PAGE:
Use a hand-clamp to clamp the hose flat near the point where it meets the pump. This will prevent the fluids from draining out while you switch pumps. Then simply pull to slide the hose off the pump.
Now that the hoses and spark plug are disconnected, you'll be able to remove the pump from the power washer. There are typically three or four bolts and nuts used to hold the pump on the unit. The bolts are often times Allen head bolts, so you'll need to use an Allen head bit with a ratchet to loosen the bolts.
However, if you simply turn these bolts, they'll keep turning and never come loose. Hold the nut in place on the opposite side with a standard wrench while you loosen the Allen-head mounting bolts.
Do not fully remove them yet. Once your Allen bolts are loose, support the pump with one hand while you remove the bolts with the other. This will prevent the pump from freely falling to the ground. Now that the bolts are removed, your pump may easily slide down off of the crankshaft, but if it doesn't, you may have to pull a little to work it loose.
Before installing the new pump, you'll want to check for a thermal relief valve. Thermal relief valves protect the pressure washer and you by releasing hot water when the internal pressurized water exceeds safe temperatures.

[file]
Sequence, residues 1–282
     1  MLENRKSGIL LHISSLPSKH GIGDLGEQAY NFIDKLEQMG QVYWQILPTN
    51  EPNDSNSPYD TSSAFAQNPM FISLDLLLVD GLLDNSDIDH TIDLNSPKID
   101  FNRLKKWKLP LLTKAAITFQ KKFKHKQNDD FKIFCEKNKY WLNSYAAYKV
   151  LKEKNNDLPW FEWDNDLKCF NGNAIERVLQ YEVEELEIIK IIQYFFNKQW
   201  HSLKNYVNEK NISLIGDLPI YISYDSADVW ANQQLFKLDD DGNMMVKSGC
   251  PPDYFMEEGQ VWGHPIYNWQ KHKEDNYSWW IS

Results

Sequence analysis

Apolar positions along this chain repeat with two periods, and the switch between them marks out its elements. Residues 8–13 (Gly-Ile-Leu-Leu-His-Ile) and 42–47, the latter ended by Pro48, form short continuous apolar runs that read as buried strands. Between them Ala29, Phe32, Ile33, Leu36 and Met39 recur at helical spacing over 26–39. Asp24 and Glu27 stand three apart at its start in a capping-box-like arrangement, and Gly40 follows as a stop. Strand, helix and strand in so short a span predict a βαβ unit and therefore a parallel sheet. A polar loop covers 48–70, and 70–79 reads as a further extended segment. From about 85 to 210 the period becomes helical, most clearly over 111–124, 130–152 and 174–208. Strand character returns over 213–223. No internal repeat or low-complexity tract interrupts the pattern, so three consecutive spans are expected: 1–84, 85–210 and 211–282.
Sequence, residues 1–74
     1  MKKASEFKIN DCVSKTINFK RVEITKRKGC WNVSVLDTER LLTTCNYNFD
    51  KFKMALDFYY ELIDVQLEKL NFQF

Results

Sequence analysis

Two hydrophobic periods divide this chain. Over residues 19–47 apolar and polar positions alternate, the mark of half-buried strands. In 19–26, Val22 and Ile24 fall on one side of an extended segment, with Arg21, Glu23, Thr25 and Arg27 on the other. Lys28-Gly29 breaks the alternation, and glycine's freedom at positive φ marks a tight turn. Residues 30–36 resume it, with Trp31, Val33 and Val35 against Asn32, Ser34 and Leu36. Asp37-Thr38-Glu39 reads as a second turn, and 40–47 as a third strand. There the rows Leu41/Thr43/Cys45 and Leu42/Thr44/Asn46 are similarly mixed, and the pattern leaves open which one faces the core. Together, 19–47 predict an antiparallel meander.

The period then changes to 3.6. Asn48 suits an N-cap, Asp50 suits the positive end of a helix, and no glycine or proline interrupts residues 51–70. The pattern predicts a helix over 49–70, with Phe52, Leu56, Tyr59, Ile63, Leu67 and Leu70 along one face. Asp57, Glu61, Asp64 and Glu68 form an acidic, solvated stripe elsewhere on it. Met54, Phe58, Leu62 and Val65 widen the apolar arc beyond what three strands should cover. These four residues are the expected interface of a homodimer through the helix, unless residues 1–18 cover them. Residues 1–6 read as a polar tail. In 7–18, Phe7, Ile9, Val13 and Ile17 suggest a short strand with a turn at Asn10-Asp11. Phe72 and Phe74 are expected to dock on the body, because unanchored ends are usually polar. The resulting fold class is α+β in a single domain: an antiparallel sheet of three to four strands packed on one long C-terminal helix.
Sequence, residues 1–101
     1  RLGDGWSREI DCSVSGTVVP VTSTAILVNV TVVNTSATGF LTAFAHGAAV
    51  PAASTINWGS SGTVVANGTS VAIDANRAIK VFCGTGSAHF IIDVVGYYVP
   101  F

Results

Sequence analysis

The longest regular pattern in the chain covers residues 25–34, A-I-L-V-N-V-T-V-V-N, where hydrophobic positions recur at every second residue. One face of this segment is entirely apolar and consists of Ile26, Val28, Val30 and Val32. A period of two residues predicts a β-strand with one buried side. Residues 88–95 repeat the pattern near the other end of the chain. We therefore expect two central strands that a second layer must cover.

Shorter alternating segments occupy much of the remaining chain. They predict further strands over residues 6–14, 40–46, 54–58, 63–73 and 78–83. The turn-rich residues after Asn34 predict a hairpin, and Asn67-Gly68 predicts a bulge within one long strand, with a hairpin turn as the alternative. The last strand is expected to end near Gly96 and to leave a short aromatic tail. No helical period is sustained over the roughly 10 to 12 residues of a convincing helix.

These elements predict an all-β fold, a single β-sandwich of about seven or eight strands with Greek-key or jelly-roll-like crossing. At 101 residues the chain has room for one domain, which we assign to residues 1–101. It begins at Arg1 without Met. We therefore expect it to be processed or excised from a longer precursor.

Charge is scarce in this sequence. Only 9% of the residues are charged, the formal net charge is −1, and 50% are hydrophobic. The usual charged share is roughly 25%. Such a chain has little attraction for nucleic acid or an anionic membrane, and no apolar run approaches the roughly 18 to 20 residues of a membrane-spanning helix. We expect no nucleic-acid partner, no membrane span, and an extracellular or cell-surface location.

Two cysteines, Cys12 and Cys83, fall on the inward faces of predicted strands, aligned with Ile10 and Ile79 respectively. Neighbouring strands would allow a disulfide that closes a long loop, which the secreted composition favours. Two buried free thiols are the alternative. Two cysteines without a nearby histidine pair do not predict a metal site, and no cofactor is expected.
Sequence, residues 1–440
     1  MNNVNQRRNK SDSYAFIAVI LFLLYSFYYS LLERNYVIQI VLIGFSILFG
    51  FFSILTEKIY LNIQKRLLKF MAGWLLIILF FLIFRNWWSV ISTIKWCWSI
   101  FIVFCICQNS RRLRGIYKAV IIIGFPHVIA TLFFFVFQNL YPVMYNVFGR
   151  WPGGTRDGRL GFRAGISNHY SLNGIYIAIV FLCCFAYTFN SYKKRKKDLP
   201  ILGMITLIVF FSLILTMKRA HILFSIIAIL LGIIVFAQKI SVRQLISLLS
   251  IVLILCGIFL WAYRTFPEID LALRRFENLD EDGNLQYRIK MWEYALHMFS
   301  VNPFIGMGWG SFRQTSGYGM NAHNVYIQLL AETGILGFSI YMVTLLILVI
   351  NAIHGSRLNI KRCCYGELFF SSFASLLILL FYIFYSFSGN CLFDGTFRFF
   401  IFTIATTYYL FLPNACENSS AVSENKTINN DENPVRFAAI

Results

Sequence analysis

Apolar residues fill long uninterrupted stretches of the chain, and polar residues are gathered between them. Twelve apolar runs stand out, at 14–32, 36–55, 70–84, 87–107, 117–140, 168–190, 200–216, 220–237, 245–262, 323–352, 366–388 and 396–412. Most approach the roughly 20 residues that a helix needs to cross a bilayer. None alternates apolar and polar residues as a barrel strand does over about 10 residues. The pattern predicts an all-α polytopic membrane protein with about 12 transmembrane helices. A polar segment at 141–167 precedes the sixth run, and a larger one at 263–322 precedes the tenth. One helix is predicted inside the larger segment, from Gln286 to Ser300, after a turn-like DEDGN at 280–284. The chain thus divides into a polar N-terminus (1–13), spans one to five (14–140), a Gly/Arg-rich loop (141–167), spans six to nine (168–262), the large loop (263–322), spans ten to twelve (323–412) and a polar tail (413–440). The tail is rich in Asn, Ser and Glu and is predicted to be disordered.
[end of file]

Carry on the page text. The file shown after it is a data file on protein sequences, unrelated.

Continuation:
As water recirculates through the pump, typically when the washer's running but not being used, its temperature increases. If the temperature reaches 145-degrees or above, it can damage the seals on the unit, causing the pump to overheat. This can cause further damage to your pressure washer and possible injury to the user.
If your new pump does not have a thermal relief valve, you need to transfer the one from your old pump to your new pump. If the old valve is damaged, you should invest in a new one and install it prior to using the new pump.
Now that your old pump has been removed and the thermal relief valve installed on the new pump, you can mount your new pump to the pressure washer frame. This will be quite simple since you've already removed the old one.
It's just the opposite of what you did before. If you haven't already, clean the area where your old pump was previously mounted. There may be build-up and dirt around the mounting area. Use some rubbing alcohol to scrub away any hard-to-remove residue.
Hold your pump in place with one hand, then place the bolts in with the other and secure the nuts on the opposite side. Tighten them by hand to help hold it in place, then use your wrench and ratchet to tighten the pump securely to the frame. Once your pump is in place, you can reconnect the tubes and the spark plug.
Firmly press the chemical injection tube into place and remove the clamp. Reconnect the inlet and outlet hoses tightly. If you've had any leaking issues in the past, now is a good time to apply some pipe thread sealing tape to help seal the connections so they don't leak. Reconnect the spark plug wire, and you're ready to go. Be sure to test it out and make sure everything's working correctly.
Adjustments may be necessary. If you're yet to invest in a new pump, check our link below and find the perfect replacement pump today.